Earlier iterations of the deal had Muscala joining Schröder in Oklahoma City, but the Thunder understandably did not want to take on $21.5 million in total salary for Anthony’s $27.9 million, to say nothing of the $31 million Schröder is owed after this upcoming season. To alleviate that concern, the 76ers stepped in to offer up Luwawu-Cabarrot and Anderson to each team in order to nab Muscala, who will fill the role vacated by Nemanja Bjelica. In one of the stranger stories of the offseason, Bjelica backed out of his one-year agreement with the 76ers to sign for their Room Exception and looks to be headed west toward Sacramento on what could be a slightly longer deal. Muscala and Bjelica aren’t precisely the same player, but the former can do a reasonable facsimile of what the latter would have brought and adds a higher level of defense to offset some of the lacking versatility offensively. The 76ers were left searching for a big man after being spurned by Bjelica and they’ve found their man in Muscala while still retaining their Room Exception to use elsewhere, if they see fit. Sending out two young players for a veteran on a one-year contract stings for Philadelphia, but Muscala’s better than either Luwawu-Cabarrot or Anderson would have been for them and fills a much-needed role as the first big man off the bench behind Joel Embiid and Dario Saric on a team with designs on winning this season. His positional flexibility will fit right in with a 76ers team that employs some of the most versatile players in the league – he can capably play either big man spot with good three-point shooting (39 percent on 277 attempts the last two years) and playmaking in the DHO game. Muscala will be a good partner for either Embiid or point forward Ben Simmons in a way Amir Johnson and Richaun Holmes just won’t, due to his outside shot and ability to reasonably defend two positions.

For Oklahoma City, they get a two-year look at Luwawu-Cabarrot before he hits restricted free agency, during which time he’ll be incredibly cheap and will have a chance to prove he belongs at the NBA level after a rough start to his career. He’s got the physical profile of the prototypical NBA wing at 6’7 without shoes with a 6’11 wingspan, but the shooting concerns are real despite the defensive production. The Thunder are very familiar with employing guys on the wing who have trouble from deep – they have entire strategies to compensate for all-world defender Andre Roberson’s complete lack of threatening offensive skills. Luwawu-Cabarrot isn’t nearly as bad as Roberson offensively nor as good defensively, but he will need to improve his offensive game in order to really stick when his rookie contract is up. For the remainder of that deal, however, he’ll fit right into the Thunder’s defense-first ethos and gives them another player off the bench who will absolutely help them suffocate opponents. Between George, Roberson, Jerami Grant, and Luwawu-Cabarrot at the forward spots and Steven Adams roaming the paint behind them, Oklahoma City’s defense is going to be terrifying next season, even with two of the worst defensive point guards in Westbrook and Schröder leading the line. Should Luwawu-Cabarrot show signs of life offensively early in the season, he could quickly move up the rotation, though it’s likely he’ll start on the outside looking in, with George, Roberson, Alex Abrines, and Terrance Ferguson (who could take some strides defensively in his own right) holding down the main rotation spots ahead of him.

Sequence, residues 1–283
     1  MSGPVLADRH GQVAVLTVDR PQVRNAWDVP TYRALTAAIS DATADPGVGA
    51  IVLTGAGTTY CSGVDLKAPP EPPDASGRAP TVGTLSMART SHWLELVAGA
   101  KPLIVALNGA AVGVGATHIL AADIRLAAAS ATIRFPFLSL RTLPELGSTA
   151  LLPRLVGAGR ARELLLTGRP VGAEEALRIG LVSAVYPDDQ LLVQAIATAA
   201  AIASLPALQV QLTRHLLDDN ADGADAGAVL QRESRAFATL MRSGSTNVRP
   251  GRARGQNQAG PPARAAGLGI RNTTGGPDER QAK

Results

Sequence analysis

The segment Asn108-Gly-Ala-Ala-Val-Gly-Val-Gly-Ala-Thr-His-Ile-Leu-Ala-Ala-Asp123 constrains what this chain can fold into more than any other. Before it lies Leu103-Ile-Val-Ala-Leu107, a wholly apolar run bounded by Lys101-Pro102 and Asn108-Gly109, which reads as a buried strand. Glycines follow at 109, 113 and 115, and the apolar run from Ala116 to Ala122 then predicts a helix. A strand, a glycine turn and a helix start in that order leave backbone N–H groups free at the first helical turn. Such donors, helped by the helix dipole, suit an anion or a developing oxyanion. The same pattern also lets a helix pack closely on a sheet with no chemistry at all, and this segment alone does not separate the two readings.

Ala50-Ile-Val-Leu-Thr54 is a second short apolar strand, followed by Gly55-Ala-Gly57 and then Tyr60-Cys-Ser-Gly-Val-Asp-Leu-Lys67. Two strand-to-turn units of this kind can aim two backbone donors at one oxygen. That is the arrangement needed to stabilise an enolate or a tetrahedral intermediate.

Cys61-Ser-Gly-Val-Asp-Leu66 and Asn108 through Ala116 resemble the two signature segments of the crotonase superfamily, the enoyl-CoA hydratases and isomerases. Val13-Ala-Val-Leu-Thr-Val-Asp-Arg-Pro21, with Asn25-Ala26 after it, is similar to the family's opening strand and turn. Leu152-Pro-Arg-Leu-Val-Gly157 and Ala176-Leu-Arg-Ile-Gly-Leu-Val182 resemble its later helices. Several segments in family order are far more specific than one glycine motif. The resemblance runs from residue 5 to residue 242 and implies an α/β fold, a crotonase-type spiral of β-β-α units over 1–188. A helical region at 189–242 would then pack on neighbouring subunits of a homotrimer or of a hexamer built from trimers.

In Atlanta, Anderson will play for his third team in four years but is already intimately familiar with the defensive system, as his former coach has taken the reins for the Hawks. Anderson spent the last year and a half with Lloyd Pierce in Philadelphia and will rejoin his defensive coordinator in a very different situation but should thrive as a bench wing for a Hawks team that’s doesn’t have more than a few plus defenders on the roster. He doesn’t fit their stated goals of strong shooting and playmaking, but he will help boost a defense that, despite the presence of Pierce on the sidelines, will likely finish in the bottom five once again in 2018-19.

Despite the four-year gap between now and then, the 2022 protected first-rounder could prove very valuable to the Hawks down the line. As ESPN’s Jonathan Givony has reported recently, the NBA is pushing toward abolishing the one-and-done rule by 2022, creating a one-year double draft in which high schoolers graduating in both 2021 and 2022 would be in the same draft. As that decision is brought to fruition, Atlanta could hold an incredibly valuable piece, though certainly the ceiling of the pick is not nearly as high as some of their other assets. The pick is lottery-protected and doesn’t roll over to the next year, instead turning into second-rounders in 2024 and 2025 if the Thunder miss the 2022 playoffs. Projecting where Oklahoma City will be four years from now is nearly impossible, other than to say that a 33-year-old Westbrook will almost definitely feature heavily in that campaign, as he’s slated to make $44.2 million that season in the second-to-last year of the supermax extension he signed last summer. If the Thunder fall toward the bottom part of the Western Conference playoff picture, then a mid-teens pick in the deepest draft in years would be a monumental prize for Atlanta.

A worthwhile trade from every angle, the Atlanta Hawks were able to leverage what remained of their cap space to get rid of Schröder’s contract, pick up a first-rounder, and get a free look at Anderson, the Oklahoma City Thunder moved $70 million in salary and luxury tax payments, made their team more competitive for the remainder of Westbrook and George’s respective primes, and picked up a cheap talent in Luwawu-Cabarrot, and the Philadelphia 76ers armed themselves with a big man who will play a large role for them in Muscala for their run toward a berth in the NBA Finals. All three teams achieved their particular objectives in the deal without saddling themselves with large downside risk and while the Hawks probably made out best due to their better leverage in negotiations with the Thunder, nobody should walk away from this deal feeling as though they overpaid or were undercompensated.